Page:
From John Hennessy:
Every town has such a street or neighborhood—the place where all else that doesn’t seem quite to fit resides, the place where constant change is the rule, and constancy seems elusive. Fredericksburg’s Sophia Street—especially below the Chatham Bridge—is such a place. Known for decades as Water Street, its status as Fredericksburg’s “utility room” is rooted in its nearness to the river, which every few years rises to submerge sections of the street, rendering all in its path dubious, if not ruined. The regular ebb and flow of water—along with every town’s need for utility space—rendered Sophia/Water Street what it was: a slightly awkward, sporadic mix of open space, modest houses and (below the bridge) tenements, with a sprinkling of warehouses, outhouses, an icehouse, and even a jail thrown in. At its southern terminus sat the town docks.
Today the 500-900 blocks of Sophia Street are undergoing a historic change, as the city seeks to reconnect to the Rappahananock River waterfront. Below Chatham Bridge over the last six seven decades, buildings have come down periodically–some to make way for more parking, and more recently for a riverside park. Parking areas now back up to the businesses on Caroline Street, rendering the west side of Sophia slightly disarranged. The changes going on now have the feel of permanence about them, which inspires a look backward. (Bear in mind that the most recent improvements on Sophia–the construction of Riverside Park–have not claimed buildings of historic import. The lost buildings discussed below were taken down more than a half-century ago).
By far the most prominent building on mid-Sophia Street was the original Fredericksburg Baptist Church. When the white Baptists moved to the bigger, present present site on Princess Anne Street, they sold the original church to its African-American members. The African Baptist Church became, after emancipation, Shiloh Baptist Church, and the congregation still exists on that site.
Sitting somewhat awkwardly next to the church was the community ice house, clearly visible in wartime images.
Below the icehouse was a mix of tenements and single-family homes, steadily demolished over the years, mostly to make way for new parking in the 20th century. These sorts of working class houses have become increasingly rare in Fredericksburg (we’ll point out a few survivors in future posts).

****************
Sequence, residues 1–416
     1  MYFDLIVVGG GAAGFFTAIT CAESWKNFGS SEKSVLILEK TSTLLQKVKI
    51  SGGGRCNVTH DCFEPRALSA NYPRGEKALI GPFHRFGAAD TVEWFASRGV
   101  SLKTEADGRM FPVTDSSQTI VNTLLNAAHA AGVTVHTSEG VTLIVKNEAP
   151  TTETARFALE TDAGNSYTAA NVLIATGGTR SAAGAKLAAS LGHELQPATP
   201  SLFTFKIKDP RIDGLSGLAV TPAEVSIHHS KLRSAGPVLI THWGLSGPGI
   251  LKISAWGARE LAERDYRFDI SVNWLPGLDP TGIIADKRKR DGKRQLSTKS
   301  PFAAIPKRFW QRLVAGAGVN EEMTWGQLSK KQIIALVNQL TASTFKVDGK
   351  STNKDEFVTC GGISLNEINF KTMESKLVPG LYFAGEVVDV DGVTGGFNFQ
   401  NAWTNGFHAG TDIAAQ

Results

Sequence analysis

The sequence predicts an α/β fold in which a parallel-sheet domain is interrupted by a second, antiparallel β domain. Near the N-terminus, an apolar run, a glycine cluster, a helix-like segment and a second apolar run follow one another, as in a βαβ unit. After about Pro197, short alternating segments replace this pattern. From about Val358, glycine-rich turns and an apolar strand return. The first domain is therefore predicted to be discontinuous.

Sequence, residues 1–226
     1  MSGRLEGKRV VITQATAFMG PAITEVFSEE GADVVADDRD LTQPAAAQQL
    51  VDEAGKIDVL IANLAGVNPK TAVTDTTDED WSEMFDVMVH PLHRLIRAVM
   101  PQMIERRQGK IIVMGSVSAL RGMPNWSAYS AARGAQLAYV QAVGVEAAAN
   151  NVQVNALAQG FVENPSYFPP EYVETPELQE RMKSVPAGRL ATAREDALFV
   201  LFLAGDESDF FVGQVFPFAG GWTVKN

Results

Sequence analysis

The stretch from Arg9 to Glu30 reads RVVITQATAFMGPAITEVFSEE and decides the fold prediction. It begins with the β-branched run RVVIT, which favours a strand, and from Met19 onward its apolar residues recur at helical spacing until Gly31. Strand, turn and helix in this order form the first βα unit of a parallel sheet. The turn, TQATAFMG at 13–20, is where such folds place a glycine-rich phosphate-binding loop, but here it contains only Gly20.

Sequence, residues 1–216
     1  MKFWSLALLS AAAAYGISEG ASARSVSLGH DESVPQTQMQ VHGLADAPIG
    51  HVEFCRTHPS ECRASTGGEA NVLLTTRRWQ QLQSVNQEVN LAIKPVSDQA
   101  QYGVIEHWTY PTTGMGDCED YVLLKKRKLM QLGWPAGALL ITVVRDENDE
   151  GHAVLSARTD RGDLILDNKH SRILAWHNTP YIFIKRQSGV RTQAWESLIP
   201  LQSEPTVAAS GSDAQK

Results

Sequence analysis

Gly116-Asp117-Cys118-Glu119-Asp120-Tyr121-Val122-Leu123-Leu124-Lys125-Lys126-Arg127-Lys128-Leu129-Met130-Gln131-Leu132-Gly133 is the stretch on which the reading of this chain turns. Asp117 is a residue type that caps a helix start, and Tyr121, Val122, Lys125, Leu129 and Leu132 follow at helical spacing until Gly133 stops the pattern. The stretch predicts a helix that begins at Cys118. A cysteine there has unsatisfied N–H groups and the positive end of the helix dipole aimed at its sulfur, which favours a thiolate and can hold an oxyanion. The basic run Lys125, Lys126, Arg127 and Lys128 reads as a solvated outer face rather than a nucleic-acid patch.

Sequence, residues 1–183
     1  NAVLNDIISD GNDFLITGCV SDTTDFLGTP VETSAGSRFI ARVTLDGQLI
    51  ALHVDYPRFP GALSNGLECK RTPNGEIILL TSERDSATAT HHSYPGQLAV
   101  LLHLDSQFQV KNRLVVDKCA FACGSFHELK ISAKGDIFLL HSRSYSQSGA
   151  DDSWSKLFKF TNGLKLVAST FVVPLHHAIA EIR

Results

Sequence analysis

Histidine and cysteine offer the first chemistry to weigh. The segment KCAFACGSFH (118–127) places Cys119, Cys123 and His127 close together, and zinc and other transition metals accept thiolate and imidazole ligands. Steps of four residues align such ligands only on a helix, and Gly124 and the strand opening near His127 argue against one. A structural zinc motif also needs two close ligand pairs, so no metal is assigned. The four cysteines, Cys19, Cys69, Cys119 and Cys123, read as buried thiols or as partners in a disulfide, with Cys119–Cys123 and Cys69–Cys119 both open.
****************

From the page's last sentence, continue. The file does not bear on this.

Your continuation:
The site of 719 today.
The A.P. Rowe house was perhaps the most prominent of the buildings on the mid-section of Sophia Street. It stood well into the 20th century.
Along the length of Sophia Street are just nine buildings that pre-date the Civil War. The Eubank house, below, is perhaps the most interesting of them. The wartime home of Eliza Eubank might well be the oldest building in Fredericksburg, dating to about 1750. It’s clearly seen in this panoramic view, and today possesses what is perhaps the worst aluminum siding anywhere in Fredericksburg. But, the good news is that it’s slated for extensive restoration and recently has been the subject of intense investigation by Kerri Barile at Dovetail Cultural Resources Group.
Above the church two buildings survive: the “Silversmith House” on the east side, and the Wells house on the west side. The Silversmith House very nearly succumbed to the 1950s mania for parking, but it turned out to be one of Historic Fredericksburg Foundation’s first preservation victories. Not so lucky were several buildings that stood in what is today the main Sophia Street parking lot, at the foot of George Street. Among these was the Mills house–home to Retta Mills Merchant, who would marry Rufus Merchant, perhaps Fredericksburg’s most important newspaperman. A picture of the house was published the regimental history of a Union unit; the author recorded on the picture where a shell went through the wall of the house, nearly killing the Pennsylvanians inside. That’s Retta Mills Merchant on the front step.
Above Chatham Bridge, where flooding was no problem, Sophia Street has had a more settled existence. The river side of the street was historically dotted with a few small industries and homes. The town side has for two centuries been a solid residential neighborhood, albeit a modest one. This section of Sophia Street was badly damaged during the Union bombardment of December 11, 1862. Only a single pre-war building survives today. (For a thorough analysis of this part of town in the aftermath of battle, see this post over at Mysteries and Conundrums.)